As a corollary, we eliminate the need to assume trapdoor permutations and injective one-way function in many recent constructions based on indistinguishability obfuscation.

*13:17* [Pub][ePrint]
Block-wise Non-Malleable Codes, by Nishanth Chandran and Vipul Goyal and Pratyay Mukherjee and Omkant Pandey and Jalaj Upadhyay
Non-malleable codes, introduced by Dziembowski, Pietrzak, and Wichs (ICS \'10), provide the guarantee that if a codeword $c$ of a message $m$, is modified by a tampering function $f$ to $c\'$, then $c\'$ either decodes to $m$ or to ``something unrelated\" to $m$. It is known that non-malleable codes cannot exist for the class of all tampering functions and hence a lot of work has focused on explicitly constructing such codes against a large and natural class of tampering functions. One such popular, but restricted, class is the so-called \\emph{split-state} model in which the tampering function operates on different parts of the codeword \\emph{independently}.In this work, we remove the above restriction by considering a stronger adversarial model that we call the {\\em block-wise tampering} model. In this model, the adversary can tamper every block of the codeword, with the only restriction being that he can tamper every block at most once. As an example, if a codeword $c = (c_1,c_2)$, then the first tampering function $f_1$ could produce a tampered part $c_1\'=f_1(c_1)$ and the second tampering function $f_2$ could produce $c_2\' = f_2(c_1,c_2)$ which can depend on {\\em both} $c_2$ and $c_1$. An example is when the blocks are being sent one by one and the adversary must temper and send the first block before the second block comes along.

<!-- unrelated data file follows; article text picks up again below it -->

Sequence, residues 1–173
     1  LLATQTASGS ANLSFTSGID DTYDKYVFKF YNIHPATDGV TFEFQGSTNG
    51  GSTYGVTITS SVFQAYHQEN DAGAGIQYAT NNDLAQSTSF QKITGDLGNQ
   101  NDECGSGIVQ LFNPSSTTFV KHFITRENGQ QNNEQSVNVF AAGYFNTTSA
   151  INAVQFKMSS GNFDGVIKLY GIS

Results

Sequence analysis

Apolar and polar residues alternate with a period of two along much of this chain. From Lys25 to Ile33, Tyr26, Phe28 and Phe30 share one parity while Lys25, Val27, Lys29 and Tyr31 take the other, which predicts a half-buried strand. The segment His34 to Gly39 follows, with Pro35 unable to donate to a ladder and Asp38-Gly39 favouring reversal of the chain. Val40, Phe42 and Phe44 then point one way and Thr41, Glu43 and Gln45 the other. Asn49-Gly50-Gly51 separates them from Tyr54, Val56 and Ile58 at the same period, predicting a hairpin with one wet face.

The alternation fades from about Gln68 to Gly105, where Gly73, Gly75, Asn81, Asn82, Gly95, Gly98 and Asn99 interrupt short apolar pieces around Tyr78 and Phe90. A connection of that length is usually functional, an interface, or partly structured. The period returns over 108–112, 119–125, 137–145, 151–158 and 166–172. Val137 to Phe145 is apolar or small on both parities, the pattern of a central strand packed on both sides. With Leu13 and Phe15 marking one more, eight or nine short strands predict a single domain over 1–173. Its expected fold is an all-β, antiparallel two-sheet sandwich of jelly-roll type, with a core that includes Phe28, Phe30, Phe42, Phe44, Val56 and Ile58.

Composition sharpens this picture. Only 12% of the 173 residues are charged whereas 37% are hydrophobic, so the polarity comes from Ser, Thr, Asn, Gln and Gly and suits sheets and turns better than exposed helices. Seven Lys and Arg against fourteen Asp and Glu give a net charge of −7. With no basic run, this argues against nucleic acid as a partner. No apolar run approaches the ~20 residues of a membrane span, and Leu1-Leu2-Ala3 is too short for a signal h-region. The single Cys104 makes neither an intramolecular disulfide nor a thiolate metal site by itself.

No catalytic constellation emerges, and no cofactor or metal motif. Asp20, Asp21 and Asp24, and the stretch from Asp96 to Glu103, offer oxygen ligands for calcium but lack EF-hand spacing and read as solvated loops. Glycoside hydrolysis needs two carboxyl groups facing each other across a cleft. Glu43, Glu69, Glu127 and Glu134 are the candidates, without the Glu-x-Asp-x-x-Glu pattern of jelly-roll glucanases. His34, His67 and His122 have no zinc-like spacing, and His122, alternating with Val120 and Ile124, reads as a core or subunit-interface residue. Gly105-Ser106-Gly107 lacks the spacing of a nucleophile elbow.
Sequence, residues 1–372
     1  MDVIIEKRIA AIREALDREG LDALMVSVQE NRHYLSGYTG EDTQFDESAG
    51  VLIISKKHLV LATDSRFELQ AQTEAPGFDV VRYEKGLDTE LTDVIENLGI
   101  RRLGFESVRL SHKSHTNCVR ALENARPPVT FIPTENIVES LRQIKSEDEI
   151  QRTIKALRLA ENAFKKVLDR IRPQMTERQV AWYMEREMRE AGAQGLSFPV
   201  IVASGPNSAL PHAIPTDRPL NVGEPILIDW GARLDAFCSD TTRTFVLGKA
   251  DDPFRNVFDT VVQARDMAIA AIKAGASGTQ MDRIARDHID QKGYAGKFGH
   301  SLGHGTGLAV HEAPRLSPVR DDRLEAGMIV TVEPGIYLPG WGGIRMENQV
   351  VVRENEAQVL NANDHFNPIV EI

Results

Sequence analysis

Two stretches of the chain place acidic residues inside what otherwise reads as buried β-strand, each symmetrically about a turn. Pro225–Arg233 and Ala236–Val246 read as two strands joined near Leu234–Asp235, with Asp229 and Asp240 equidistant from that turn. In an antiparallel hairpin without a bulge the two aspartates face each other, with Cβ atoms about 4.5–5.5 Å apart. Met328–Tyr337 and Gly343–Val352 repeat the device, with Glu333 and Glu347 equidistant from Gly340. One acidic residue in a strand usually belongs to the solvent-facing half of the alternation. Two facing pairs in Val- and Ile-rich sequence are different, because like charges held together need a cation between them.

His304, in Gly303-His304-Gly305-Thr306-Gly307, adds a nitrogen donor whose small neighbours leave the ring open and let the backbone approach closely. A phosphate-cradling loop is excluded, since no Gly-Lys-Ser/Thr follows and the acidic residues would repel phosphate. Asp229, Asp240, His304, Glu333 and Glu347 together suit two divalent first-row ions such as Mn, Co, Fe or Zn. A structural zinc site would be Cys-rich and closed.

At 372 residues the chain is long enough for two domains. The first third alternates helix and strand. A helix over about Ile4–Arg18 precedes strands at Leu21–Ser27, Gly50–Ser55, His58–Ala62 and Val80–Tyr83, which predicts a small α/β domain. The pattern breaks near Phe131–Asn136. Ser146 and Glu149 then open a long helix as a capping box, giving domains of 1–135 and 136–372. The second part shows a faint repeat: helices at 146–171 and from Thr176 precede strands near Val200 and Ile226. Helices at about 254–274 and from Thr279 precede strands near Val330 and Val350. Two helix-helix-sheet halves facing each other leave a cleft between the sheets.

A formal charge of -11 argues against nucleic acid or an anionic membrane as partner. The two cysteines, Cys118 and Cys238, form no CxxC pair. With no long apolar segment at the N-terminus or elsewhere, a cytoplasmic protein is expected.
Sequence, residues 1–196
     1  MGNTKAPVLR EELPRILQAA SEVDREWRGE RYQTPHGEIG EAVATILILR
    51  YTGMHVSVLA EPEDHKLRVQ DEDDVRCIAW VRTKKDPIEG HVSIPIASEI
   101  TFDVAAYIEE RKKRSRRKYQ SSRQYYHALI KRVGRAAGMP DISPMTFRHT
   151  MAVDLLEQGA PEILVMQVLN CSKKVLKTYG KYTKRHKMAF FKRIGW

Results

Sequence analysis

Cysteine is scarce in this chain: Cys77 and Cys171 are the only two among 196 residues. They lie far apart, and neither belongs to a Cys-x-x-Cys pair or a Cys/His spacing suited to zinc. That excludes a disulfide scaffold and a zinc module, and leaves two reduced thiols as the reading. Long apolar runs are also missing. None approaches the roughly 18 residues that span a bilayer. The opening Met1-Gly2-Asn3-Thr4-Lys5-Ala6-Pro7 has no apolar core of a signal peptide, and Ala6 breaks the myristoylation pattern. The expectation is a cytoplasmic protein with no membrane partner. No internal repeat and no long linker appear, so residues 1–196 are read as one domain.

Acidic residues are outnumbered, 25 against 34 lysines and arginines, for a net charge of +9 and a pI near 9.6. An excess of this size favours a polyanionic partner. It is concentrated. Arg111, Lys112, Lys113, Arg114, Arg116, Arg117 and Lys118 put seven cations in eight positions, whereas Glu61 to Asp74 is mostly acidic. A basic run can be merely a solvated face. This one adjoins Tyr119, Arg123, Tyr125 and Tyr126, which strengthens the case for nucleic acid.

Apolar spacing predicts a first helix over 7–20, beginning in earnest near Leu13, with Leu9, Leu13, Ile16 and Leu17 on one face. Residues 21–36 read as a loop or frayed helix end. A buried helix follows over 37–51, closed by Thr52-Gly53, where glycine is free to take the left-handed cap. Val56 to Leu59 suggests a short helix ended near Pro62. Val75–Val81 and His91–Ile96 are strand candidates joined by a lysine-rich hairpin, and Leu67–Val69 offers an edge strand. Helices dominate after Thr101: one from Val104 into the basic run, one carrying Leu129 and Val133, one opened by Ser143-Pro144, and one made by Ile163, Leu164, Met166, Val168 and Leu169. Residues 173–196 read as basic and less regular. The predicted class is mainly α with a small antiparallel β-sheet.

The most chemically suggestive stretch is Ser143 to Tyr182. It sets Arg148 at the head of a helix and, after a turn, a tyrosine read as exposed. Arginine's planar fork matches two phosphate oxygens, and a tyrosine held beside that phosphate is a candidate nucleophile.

- Surprisingly, defining non-malleability in the block-wise tampering model is challenging. Our first contribution is that of providing a relaxed, yet meaningful definition of non-malleability for this model. Unfortunately, we show, that even this notion is impossible to achieve in the information-theoretic setting (i.e., when the tampering functions can be unbounded) and we must turn our attention towards computationally bounded adversaries.

- Next, we provide an interesting connection between block-wise non-malleable codes and non-malleable commitments. We show that any block-wise non-malleable code can be converted into a non-malleable (wrt opening) commitment. In the other direction, we show that any non-interactive non-malleable (wrt opening) commitment can be used to construct a block-wise non-malleable code (with $2$ blocks).

- While the above transformation gives us a construction of a block-wise non-malleable code, it is based on the highly non-standard assumption of adaptive one-way functions (which can only be realized based on assumptions such as Oracle DDH). As our main result, we show, how to construct a block-wise non-malleable code from any sub-exponentially hard one-way permutations. Our techniques, quite surprisingly, also give rise to a non-malleable commitment scheme (secure against so-called synchronizing adversaries), in which {\\em only} the committer sends messages. We believe this result to be of independent interest.